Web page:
We are an RIBA Chartered Practice led by principal, John C
Goom. We can also offer services as CDM
Co-ordinators and have close relationships with Quantity
Surveyors and Structural Engineers.
John C Goom
BA, Dip.Arch, AABC, RIBA, Lethaby Scholar
has specialised in the care and conservation of historic
buildings since his student days in Bristol. A dissertation
on conservation projects in Venice was followed by the
Lethaby (SPAB) Scholarship in 1975, at the time the only
practical training in conservation.
Since completing the Scholarship he has worked in private
practices in Bedfordshire, Derbyshire and Warwickshire and
established this practice in 1994, all specialising in
conservation work. He is a chartered member of the RIBA and
an Architect Accredited in Building Conservation.
His intention in setting up the practice was to establish a
firm that would provide a personalised service to all those
who look after historic buildings of all periods.
He was a member of the SPAB (Society for the Protection of
Ancient Buildings) Main Committee (1986-2004) and
represented the SPAB in its opposition to the draft British
Standard for the Repair of Historic Buildings resulting in a
much more sympathetic final document. He was a member of the
Derby Diocesan Advisory Committee 1986-88 and now serves on
the Gloucester Diocesan Advisory Committee.
is registered on the list of architects undertaking
Quinquennial Inspections in Hereford, Gloucester, Coventry
and Lichfield Diocese. He is also appointed to look after
National Trust properties in the Wessex, West Midlands and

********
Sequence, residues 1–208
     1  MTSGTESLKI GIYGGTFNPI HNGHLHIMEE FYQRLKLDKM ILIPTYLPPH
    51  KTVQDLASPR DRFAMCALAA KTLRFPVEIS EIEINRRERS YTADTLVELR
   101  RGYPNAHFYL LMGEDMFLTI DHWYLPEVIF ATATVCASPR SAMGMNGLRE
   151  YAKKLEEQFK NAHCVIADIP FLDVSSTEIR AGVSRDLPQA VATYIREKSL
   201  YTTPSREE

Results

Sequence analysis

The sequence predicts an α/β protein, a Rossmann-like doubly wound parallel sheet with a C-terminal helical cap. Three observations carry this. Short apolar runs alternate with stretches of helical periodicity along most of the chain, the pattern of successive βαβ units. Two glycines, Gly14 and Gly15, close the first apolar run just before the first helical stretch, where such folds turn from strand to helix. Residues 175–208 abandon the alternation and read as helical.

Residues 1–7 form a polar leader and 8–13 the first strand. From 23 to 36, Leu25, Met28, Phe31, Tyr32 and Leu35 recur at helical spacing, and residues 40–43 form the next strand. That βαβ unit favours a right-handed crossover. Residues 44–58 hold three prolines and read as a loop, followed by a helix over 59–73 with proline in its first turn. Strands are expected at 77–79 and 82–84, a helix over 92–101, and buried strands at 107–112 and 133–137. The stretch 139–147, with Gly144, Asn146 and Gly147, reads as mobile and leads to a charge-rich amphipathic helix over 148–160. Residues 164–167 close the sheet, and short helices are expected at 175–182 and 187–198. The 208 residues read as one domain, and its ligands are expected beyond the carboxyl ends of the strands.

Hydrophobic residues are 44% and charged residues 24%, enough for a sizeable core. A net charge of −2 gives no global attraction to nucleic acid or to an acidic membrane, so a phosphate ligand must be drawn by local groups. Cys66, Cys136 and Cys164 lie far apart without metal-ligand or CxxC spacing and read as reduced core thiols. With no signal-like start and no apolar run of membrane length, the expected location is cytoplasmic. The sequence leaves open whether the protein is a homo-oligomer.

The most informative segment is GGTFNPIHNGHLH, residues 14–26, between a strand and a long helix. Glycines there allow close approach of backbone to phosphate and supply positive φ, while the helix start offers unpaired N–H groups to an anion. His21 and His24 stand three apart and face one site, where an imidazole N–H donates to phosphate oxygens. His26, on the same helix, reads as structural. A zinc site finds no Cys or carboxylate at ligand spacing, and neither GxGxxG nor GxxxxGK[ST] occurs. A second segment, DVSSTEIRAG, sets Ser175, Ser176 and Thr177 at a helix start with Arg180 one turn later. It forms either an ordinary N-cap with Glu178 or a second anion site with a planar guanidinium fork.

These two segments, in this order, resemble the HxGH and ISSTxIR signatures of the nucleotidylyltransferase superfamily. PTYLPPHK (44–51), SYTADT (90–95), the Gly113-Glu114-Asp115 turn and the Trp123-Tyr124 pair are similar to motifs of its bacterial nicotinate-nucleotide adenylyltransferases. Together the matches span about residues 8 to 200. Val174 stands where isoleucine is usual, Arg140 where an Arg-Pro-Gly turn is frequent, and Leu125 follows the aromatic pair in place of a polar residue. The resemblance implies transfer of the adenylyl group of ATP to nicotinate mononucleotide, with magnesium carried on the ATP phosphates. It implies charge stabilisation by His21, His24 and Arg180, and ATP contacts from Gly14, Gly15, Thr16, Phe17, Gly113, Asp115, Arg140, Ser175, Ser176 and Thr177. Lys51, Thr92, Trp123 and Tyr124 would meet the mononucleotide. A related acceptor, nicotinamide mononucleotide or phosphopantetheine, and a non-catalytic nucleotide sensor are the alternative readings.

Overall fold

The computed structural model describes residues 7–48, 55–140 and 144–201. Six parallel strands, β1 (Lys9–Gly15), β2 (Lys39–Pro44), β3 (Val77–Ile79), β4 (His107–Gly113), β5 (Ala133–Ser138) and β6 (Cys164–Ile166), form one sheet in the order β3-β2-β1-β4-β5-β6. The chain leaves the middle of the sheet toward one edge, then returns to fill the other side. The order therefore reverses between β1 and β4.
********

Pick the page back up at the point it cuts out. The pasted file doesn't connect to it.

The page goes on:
Thames and Solent regions. He is also a commissioned
architect for English Heritage West Midlands region through
their Joint Scheme for Churches.
John is keen to promote the practical conservation of both
buildings and landscapes through the voluntary sector and is
currently Honorary Technical Advisor to the Wychavon
Building Preservation Trust and is commissioned architect to
the Woodchester Mansion Trust and the Spon End Building
Preservation Trust in Coventry. He has also acted as a
consultant to various national amenity societies.
He is very concerned about maintaining traditional skills
and techniques. Several projects, notably Woodchester
Mansion and Spon End, have been used for training craftsmen.
He has lectured on conservation at various masonry colleges
as well as at the Architectural Association and other
conservation courses. As chairman of the Herefordshire Stone
Tile Project he helped rekindle a dwindling local industry.
He lives in the Cotswolds and his interests (apart from
ancient buildings) include music (playing cello), fell
walking and theatre.